Thanksgiving is more than a week away, but as television commercials and store décor will show you, the winter holiday season is in full swing. Chicago is embracing the Christmas spirit with the Emerald City Theatre and First Stage’s new production of Rudolph the Red-Nosed Reindeer: The Musical, which opened Nov. 14 at the Broadway Playhouse. The show is a live action stage adaptation of the classic stop-motion film from 1964, the longest running television special to date, and stars Anu Nagpal (Speech '99), who goes by her stage name of Arya Daire.
“The charm and heart of that special is really apparent in the show,” said Daire, who plays Rudolph’s mother, Mrs. Donner.
Despite singing since childhood, though, Daire didn’t study acting during her undergraduate career. Originally coming to Northwestern from Oakbrook, Ill. to study economics, she graduated in 1999 with a degree in Film and English Literature, her only credits being a short term in the Music for Non-Majors program and a Studio 22 film her senior year. After three years of post-grad work in New York City, she moved to Switzerland and pursued a law degree, but knew she hadn’t found the right career choice just yet. “I decided to give myself a year to train,” Daire said. “And at the end of that year, if I would buy a ticket to see me, then I’d give it a shot.” She returned to Chicago and has been performing ever since.
Though her journey to acting may have been longer and more winding than her that of co-star, Daire appreciates the time it took. “My path has been all over the place,” said Daire. “I had proven to myself that I could accomplish a lot of different things, so I gave myself permission to be happy.”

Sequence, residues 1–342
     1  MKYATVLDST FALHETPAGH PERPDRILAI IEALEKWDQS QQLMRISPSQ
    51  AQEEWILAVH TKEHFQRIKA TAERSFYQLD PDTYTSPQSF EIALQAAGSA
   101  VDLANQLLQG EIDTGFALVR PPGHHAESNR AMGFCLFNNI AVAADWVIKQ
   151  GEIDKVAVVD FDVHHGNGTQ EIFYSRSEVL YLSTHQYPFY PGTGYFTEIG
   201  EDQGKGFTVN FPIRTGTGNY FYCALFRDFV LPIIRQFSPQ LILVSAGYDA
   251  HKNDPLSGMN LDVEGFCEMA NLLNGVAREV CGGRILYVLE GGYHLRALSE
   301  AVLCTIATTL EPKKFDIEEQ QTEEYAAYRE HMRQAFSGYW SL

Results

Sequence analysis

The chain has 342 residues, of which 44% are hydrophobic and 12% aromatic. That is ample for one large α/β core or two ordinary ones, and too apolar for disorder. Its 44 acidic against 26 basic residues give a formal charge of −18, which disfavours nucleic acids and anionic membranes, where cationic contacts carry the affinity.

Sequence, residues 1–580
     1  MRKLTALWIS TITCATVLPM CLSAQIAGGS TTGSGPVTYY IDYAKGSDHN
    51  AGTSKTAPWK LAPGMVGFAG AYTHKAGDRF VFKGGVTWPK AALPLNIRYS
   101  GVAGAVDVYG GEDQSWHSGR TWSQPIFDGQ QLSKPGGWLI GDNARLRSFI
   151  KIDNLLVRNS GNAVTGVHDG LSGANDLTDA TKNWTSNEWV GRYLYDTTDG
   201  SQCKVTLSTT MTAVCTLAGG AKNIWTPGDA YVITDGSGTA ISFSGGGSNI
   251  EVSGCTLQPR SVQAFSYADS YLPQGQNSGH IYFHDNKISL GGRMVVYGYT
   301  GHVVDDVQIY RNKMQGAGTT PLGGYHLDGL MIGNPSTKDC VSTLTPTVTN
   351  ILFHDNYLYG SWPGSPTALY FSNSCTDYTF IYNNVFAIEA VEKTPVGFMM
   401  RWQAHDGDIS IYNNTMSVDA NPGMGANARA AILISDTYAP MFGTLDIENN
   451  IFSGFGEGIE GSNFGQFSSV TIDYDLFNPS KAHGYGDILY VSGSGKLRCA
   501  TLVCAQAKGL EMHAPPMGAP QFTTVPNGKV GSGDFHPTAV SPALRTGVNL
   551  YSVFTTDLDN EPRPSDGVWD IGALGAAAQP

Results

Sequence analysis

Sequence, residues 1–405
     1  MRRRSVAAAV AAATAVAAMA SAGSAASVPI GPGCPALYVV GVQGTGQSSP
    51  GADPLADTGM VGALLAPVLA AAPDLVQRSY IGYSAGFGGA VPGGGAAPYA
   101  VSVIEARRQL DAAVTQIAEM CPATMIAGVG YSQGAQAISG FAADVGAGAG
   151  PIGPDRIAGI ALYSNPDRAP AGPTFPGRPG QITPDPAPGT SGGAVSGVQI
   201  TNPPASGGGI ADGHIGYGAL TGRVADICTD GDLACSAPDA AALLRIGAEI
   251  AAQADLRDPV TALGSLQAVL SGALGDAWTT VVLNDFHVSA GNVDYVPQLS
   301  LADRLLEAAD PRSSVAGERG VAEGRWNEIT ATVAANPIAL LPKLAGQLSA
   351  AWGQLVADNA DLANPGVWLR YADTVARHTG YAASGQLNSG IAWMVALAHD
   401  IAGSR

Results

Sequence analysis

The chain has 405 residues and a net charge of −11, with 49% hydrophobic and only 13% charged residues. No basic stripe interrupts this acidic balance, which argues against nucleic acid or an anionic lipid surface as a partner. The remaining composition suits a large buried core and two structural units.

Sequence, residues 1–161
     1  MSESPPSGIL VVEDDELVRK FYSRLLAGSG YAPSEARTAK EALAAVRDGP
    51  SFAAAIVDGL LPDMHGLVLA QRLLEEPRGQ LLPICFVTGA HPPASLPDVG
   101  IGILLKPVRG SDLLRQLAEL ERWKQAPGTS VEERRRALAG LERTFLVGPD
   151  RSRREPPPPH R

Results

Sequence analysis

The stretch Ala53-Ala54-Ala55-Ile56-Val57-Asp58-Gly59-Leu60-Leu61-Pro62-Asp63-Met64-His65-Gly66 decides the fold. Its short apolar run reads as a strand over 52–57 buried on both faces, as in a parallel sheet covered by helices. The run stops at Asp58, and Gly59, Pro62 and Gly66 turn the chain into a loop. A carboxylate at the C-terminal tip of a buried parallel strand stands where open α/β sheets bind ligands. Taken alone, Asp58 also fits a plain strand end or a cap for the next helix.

She added that her time at Northwestern helped her beyond theater training.
“I think college in general always prepares you for living and working together with people. I got a lot of life experience and different professional experience,” Daire said. She was drawn to the Rudolph production when she saw the chance to help bring the classic tale to life. While translating stop-motion to the stage proved challenging, Daire said that the original score, detailed set design, elaborate costumes and live performance all come together to recreate the timeless magic Rudolph has brought to television sets for almost 50 years.
“The moment you walk in the theater, you get a very warm Christmas feeling,” said Daire. “It's kind of unbeatable.”
Daire also said that the production emnodies a holiday spirit that still resonates in audiences of all ages.
“You can expect a nostalgic feeling, and a very simple story that speaks to us today.” Daire said. “It’s not a Hollywood movie, but it remains so true and simple.”
Rudolph The Red-Nosed Reindeer: The Musical runs until Jan. 5 at Broadway Playhouse. For ticket information and further details, visit www.BroadwayInChicago.com.